Rush Limbaugh has not been charged with doctor shopping.

A kill is mandatory.

Make certain the story is not used.

This is posted at the Washington Post as a news article. Who knows how long it will be there? But it’s there at the time of this posting.

Mistakes like this can happen even at the best newspapers. What’s really downright strange about this is that the “story” has a dateline, and a copy-editor actually put a headline on it.

History and Total War

When I was a teenager and first learned about the Holocaust, something precious and small, not hope but perhaps faith, slipped away and was lost to me forever.

I have read about it in books. I have seen it in movies by Polanski and Spielberg and Benigni. My maternal grandfather was shot (but not killed) by the Nazis. My mother went to grade school on an American base in Germany during de-Nazification. Still, almost everything I know is third-hand. I’ve never met a Holocaust survivor, at least not knowingly. It was not so long ago, but it was before my time. It feels remote, though it is not.

Our country is still embroiled in the moral arguments of war. For some of us, the Holocaust hangs around out back. The Islamofascist jihad has already killed millions (not thousands) in Iran, Iraq, Afghanistan, Algeria, and Sudan. Most of us didn’t notice so long as far-away foreigners were the ones doing the dying. But when it arrived with apocalyptic fury in the heart of our own cities, we had neither cause nor the right to remain neutral or passive.

We’re still arguing about Iraq after the fact. And sometimes this discussion seems so petty. Compared to other people and ourselves in other times, we are spoiled. The Holocaust informs my view, but what we have suffered is nothing – nothing – nearly as bad as that.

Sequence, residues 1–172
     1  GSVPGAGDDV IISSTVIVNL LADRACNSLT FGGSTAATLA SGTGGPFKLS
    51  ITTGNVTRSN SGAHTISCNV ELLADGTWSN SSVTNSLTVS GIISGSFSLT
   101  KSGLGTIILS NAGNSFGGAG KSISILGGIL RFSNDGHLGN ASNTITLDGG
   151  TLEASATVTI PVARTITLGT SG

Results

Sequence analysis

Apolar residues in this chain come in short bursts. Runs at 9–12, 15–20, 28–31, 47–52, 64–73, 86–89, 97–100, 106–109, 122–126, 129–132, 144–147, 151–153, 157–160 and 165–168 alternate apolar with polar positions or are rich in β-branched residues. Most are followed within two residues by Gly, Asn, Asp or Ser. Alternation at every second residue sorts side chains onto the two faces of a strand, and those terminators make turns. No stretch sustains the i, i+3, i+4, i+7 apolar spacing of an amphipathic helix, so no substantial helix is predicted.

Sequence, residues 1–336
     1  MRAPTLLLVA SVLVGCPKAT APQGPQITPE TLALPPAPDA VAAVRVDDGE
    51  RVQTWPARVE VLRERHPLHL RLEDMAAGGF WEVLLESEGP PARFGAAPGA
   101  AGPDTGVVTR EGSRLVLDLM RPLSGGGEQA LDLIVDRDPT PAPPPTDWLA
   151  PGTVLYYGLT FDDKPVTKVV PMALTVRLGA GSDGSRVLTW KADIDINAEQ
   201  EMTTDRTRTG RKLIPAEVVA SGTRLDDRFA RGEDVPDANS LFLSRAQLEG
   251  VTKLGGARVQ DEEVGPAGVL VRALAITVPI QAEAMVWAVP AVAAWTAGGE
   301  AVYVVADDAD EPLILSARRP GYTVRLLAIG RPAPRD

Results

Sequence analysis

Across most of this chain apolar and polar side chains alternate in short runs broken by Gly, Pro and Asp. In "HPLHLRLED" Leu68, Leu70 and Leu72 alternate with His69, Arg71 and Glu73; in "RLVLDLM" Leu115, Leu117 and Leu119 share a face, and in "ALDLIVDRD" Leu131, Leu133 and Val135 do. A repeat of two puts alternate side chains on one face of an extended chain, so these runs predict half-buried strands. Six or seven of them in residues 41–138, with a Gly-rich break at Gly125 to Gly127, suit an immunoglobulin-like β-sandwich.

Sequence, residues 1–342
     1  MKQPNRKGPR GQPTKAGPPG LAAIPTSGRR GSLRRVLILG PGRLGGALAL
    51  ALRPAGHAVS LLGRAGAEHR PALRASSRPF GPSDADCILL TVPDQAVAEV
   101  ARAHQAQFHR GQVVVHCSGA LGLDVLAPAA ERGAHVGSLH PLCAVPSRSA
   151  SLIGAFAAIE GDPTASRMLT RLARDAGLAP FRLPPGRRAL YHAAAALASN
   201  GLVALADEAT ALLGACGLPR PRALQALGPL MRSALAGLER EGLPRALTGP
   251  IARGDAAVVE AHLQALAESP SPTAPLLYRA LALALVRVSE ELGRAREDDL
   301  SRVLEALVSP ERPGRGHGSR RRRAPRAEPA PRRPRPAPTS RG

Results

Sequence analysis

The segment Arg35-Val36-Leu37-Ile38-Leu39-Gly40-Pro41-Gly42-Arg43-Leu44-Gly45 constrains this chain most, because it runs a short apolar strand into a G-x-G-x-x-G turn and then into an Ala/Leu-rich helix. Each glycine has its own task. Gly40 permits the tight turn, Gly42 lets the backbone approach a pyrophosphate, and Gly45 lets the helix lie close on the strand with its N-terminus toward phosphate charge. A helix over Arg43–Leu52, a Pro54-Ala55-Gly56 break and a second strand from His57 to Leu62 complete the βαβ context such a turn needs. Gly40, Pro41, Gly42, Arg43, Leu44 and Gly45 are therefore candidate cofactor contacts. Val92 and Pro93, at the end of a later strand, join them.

Even if you opposed intervening in Iraq, surely you realize that some moral good has come out of it; a tyrant is gone. And we didn’t need to nuke Baghdad to get him out.

The perceived immorality of our action may weigh heavily on your soul. But it’s nothing compared to what we might have to face if our goal of limited war for democracy fails.

Do you want to know what a truly terrible moral dilemma looks like? Read this interview with left-wing Israeli historian Benny Morris in the liberal Israeli daily Ha’aretz. (Via Allison Kaplan Sommer and Roger L. Simon.)

“Ben-Gurion was a transferist. He understood that there could be no Jewish state with a large and hostile Arab minority in its midst. There would be no such state. It would not be able to exist.”

I don’t hear you condemning him.

“Ben-Gurion was right. If he had not done what he did, a state would not have come into being. That has to be clear. It is impossible to evade it. Without the uprooting of the Palestinians, a Jewish state would not have arisen here.”

Benny Morris, for decades you have been researching the dark side of Zionism. You are an expert on the atrocities of 1948. In the end, do you in effect justify all this? Are you an advocate of the transfer of 1948?

“There is no justification for acts of rape. There is no justification for acts of massacre. Those are war crimes. But in certain conditions, expulsion is not a war crime. I don’t think that the expulsions of 1948 were war crimes. You can’t make an omelet without breaking eggs. You have to dirty your hands.”

We are talking about the killing of thousands of people, the destruction of an entire society.

“A society that aims to kill you forces you to destroy it. When the choice is between destroying or being destroyed, it’s better to destroy.”

There is something chilling about the quiet way in which you say that.

“If you expected me to burst into tears, I’m sorry to disappoint you. I will not do that.”

So when the commanders of Operation Dani are standing there and observing the long and terrible column of the 50,000 people expelled from Lod walking eastward, you stand there with them? You justify them?

“I definitely understand them. I understand their motives. I don’t think they felt any pangs of conscience, and in their place I wouldn’t have felt pangs of conscience. Without that act, they would not have won the war and the state would not have come into being.”